1July 26, 1841,MidnightMake no mistake, the task at hand affects him deeply. He is not entirely ­cold-­blooded after all. Still he proceeds, tearing long strips from the hem of her dress, tying the white lengths around her waist and neck, fashioning a crude makeshift handle by which to carry her.As he works he cannot bring himself to look her straight in the face, can hardly bring himself to look at her at all.The wooded path is clear, although overgrown to each side with grabbing brambles and dense vegetation. Not far off, the river laps, its briny tang strong in his nostrils.Across the expanse of water, he can just make out the lights of the city gleaming through the rising mist.Somewhere in the current, he thinks he hears the dip of oars.Overhead, there is no moon visible, but many stars, bright through the high canopy of trees.The deed is done.A feeling of sadness and longing comes over him that is not akin to pain, but resembles sorrow only.He wrestles with the dead weight of her, leaving the body by the riverside while he scours the bank looking for stones and rocks of a size large enough to weigh her down.His thoughts go to her. What have I done?“Oh, Mary,” he murmurs to himself, may even have spoken her name out loud. “Oh, Mary.”2Old HaysHis name is Jacob Hays. But in the popular penny prints, the New York Evening Herald, the Sun, the Tribune, the Mercury, throughout the city, high constable of the metropolis, he has come to be known as Old Hays. Sixty-­nine years of age, he has stood his post for nearly forty years, having first been appointed head of the force in 1802 by Mayor ­Livingston.As a young man of the Watch, Jacob Hays had made his reputation at the ­bull-­baiting ring atop Bayard’s Mount, where he garnered renown for wading into the midst of throngs of warring, drunken brawlers. Equipped solely with his long ash constable’s staff, he would proceed from one to another, knocking the hat off the most vituperative, then, when said individual went to retrieve his aggrieved topper, sending him flying with a swift kick to the rump, effectively rendering his participation harmless. In this way, proceeding from cove to sport to magsman and back again, he had put an end to many a ­free-­for-­all, many a melee. Old Hays is known for being an exemplary and honest man, one of moral and religious character. His keen, ­deep-­set brown eyes lend intelligence to a stolid face, mahogany complexion, and beetle brow. The rigid set of jaw and mouth, the large ears alive with tufts of coarse hair resembling nothing less than stiff gray antennae, these afford him an air of calculated study, the demeanor of one ­all-­seeing.A steadfast, inflexible, inexorably truculent type, considered a terror to all evildoers, Old Hays believes he can distinguish the criminal physiognomy from the physiognomy of the honest man. He has made a lifetime study of the science, exploring fully the face–or countenance–as index to character. Neither man nor woman passed him on the street he did not study, categorize, remember. He was the constabulary’s first shadow, what had recently come to be called in the city “detective.”Among numerous other crime techniques, he is given credit for being the first to tail a suspect, in addition to development of the ­strong-­arm tactic of interrogation best known as the third degree. He had come on board the force as a youth in the lowliest of roles, when the Watch boasted no formal organization, comprised almost exclusively of a small corps of roundsmen and an equally small phalanx of “leatherheads,” glorified night watchmen, their sobriquet derived from their only uniform, a leather fireman’s helmet favored by the men, front brim cut away, and shellacked until the leather was hard as iron.Earlier that Tuesday morning, having just sat down to his newly accustomed cup of coffee, what he called “Javanese,” prepared, at her insistence, by his daughter, Mary Olga, in the Hays family longtime residence, a modest red brick home on Lispenard Street, Old Hays had received an urgent message, delivered by the Negro sextant of the Scotch Presbyterian church on Grand Street, the same Scots church where his family had worshipped for many years, his wife before she died, his sons before they died, where he and his daughter still worshipped. The note, signed by the reverend doctor himself, urged Old Hays’ immediate presence, saying that overnight, thieves had stolen the copper sheathing directly off the church steeple and somehow gotten away with it, pleading for him to appear in person with utmost dispatch, which he had done, although to no avail. The copper was long gone, and a more thorough investigation of the metal yards and smithies would have to be undertaken and carried out by someone younger and more spry than he.The reverend doctor made point to mention the youth bands, saying they had been seen around the church of late. He especially named Tommy Coleman and his gang of Forty Little Thieves, who had a clubhouse around the corner and up the block from the church on Prince Street, and Hays did promise he would ferret the laddie out and have a word with him. With not much more discussion, he then called to his longtime driver, Balboa, an elderly Negro dressed elegantly in bottle green waistcoat and yellow cravat, waiting for him at the kerb. With Balboa’s hand up he climbed back into his carriage, a closed black barouche, and within minutes was standing in his office at the Tombs, in front of the barred window, in a slip of noonday sunlight. Sergeant McArdel of the Night Watch, having entered the small room from the corridor, now stood in the doorway behind him, clearing his throat.“What is it, Sergeant?” Hays inquired, turning to his ­ham-­faced, ­ginger-­headed aide. “A gentleman has been here to see you, sir,” McArdel said.From the Hardcover edition.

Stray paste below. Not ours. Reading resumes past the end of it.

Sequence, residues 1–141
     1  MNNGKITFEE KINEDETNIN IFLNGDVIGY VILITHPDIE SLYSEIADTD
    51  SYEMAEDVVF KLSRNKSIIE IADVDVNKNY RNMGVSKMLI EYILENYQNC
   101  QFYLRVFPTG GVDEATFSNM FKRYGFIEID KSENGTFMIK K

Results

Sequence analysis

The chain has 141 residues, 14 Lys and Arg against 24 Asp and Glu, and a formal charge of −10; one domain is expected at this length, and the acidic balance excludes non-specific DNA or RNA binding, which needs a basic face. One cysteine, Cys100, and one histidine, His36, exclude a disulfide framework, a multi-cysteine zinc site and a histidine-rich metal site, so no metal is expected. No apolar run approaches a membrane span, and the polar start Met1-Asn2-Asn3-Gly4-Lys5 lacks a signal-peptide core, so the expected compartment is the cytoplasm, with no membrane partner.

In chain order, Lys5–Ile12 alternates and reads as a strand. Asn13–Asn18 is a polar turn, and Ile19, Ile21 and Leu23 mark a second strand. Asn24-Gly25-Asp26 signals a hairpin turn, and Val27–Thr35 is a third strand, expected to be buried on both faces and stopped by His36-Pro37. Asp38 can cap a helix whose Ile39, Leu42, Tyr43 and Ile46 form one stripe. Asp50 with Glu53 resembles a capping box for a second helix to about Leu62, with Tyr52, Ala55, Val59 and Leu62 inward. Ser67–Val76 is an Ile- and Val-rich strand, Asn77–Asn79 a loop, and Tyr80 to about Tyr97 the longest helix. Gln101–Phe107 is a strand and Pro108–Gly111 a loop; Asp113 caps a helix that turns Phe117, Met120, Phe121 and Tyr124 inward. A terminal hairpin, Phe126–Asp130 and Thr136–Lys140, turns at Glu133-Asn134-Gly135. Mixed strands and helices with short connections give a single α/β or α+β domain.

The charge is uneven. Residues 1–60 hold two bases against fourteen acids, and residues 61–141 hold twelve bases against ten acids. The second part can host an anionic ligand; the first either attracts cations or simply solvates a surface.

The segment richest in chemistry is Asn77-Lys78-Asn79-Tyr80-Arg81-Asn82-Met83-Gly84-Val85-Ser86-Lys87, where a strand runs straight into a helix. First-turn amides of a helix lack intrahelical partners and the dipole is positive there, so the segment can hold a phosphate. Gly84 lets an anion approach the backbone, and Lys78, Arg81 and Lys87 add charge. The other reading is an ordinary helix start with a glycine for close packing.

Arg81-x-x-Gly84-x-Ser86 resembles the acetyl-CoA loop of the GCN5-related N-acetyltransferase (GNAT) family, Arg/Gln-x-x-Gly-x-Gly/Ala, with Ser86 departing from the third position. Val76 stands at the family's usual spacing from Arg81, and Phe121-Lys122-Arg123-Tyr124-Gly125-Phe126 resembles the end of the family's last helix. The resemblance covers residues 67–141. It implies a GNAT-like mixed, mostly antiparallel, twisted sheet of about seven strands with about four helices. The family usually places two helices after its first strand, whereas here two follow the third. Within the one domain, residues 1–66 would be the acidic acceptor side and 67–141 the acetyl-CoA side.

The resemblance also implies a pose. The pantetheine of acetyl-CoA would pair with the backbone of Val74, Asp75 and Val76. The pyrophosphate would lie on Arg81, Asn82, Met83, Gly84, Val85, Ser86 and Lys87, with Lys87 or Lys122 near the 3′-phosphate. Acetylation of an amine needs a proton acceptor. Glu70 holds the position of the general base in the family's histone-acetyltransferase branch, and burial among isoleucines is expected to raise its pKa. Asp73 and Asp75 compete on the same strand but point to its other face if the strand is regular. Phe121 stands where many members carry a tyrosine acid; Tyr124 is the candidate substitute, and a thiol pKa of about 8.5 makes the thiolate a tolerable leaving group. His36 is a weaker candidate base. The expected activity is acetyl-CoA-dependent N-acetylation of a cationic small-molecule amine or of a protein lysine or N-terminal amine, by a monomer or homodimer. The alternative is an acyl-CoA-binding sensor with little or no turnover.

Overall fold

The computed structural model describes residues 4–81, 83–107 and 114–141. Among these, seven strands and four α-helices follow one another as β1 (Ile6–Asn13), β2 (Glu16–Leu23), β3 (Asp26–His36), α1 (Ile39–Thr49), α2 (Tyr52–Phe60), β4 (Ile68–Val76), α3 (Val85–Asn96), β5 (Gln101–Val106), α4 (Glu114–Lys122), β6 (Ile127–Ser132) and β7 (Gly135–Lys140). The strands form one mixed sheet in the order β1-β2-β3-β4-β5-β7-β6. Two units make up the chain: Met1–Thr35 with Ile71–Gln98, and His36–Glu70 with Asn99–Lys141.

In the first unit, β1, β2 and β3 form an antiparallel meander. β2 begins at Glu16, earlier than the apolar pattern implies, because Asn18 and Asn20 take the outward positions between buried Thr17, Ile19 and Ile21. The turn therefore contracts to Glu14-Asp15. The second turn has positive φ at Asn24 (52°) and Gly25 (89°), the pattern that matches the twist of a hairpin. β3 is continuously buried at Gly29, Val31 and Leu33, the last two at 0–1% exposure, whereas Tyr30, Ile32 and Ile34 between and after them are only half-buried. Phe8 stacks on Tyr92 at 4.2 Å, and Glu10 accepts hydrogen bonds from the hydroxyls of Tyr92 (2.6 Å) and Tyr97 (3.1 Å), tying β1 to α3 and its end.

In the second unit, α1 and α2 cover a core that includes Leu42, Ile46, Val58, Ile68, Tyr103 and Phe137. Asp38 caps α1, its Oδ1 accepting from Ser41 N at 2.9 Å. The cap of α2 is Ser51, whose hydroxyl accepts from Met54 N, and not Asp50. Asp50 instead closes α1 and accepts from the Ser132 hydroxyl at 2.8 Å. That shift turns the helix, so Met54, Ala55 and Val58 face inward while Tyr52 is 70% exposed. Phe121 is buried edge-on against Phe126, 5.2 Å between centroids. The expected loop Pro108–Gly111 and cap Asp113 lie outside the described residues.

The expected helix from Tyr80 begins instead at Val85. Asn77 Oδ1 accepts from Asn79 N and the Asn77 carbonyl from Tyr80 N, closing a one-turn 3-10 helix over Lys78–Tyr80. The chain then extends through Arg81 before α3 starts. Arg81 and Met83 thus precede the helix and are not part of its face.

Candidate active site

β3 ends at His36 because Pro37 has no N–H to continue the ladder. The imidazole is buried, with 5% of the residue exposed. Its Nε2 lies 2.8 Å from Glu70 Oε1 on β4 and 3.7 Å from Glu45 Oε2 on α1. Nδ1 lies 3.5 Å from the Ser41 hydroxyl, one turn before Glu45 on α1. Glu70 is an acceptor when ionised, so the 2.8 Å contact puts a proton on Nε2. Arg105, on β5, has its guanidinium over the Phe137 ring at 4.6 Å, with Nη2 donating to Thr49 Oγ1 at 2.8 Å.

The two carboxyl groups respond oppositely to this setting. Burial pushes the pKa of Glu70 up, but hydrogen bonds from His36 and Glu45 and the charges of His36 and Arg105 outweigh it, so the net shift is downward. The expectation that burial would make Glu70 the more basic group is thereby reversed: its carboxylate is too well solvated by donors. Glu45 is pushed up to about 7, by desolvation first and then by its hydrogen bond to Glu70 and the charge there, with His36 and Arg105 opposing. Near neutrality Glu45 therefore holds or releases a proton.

Editorial Reviews

“The excitement of chasing grave robbers, life on death row in the Tombs, and the filth and sickness of the city immerse this novel in an atmosphere of uncertainty and change. The famous names and places it features bring intrigue and dark passions to play with a familiar history and literature. A good mystery.” --Library Journal“The swagger of this gang-riddled city is ably drawn, and the fast-paced narrative is dense with clues, making the deciphering exhilarating. But this is also an engaging window onto the petty pilfering and brutal bloodshed of a young New York.” --Telegraph“It’s almost as if the late Edward Gorey wrote something like E.L. Doctorow’s Ragtime; the kind of thing that could be a bestseller or big-budget movie.” —Toronto Star“Joel Rose (and High Constable Hays) put Poe himself into the life and death of Mary Rogers, and it all works beautifully. . . . Rose has exhaustively researched his time and place, and his mid-century New York is a wonderfully bawdy, earthy place full of fascinating characters. The plot weaves a lot, blending real history, Rose’s fiction and Poe’s fiction. . . . I never tired of it.” — Margaret Cannon, The Globe and Mail“Rose claims to have spent 17 years working on this novel, and it shows. Meticulously researched, it successfully captures the optimism as well as the murky atmosphere of the period. Whether it is in the buzzing newspaper offices of the New York Herald, the dank cells of the Tombs prison, or the narrow alleyways of Five Points in lower Manhattan where the infamous gangs of New York roamed, Rose's narrative feels authentic. The city in all of its frenzy, squalour and corruption of the era comes to life in his pages.” -- Winnipeg Free Press “The swagger of this gang-riddled city is ably drawn, and the fast-paced narrative is dense with clues, making the deciphering exhilarating. But this is also an engaging window onto the petty pilfering and brutal bloodshed of a young New York.” —The Telegraph“Irresistibly seductive…. Murder mystery, historical novel, portal to another time; The Blackest Bird is a masterpiece.” —Anthony Bourdain“Rose has caught the wild spirit of Poe’s New York with terrific panache. It is a vivid picture of the city . . . teeming with big, brash characters and driven by a relentlessly entertaining narrative.”—Patrick McGrathFrom the Hardcover edition.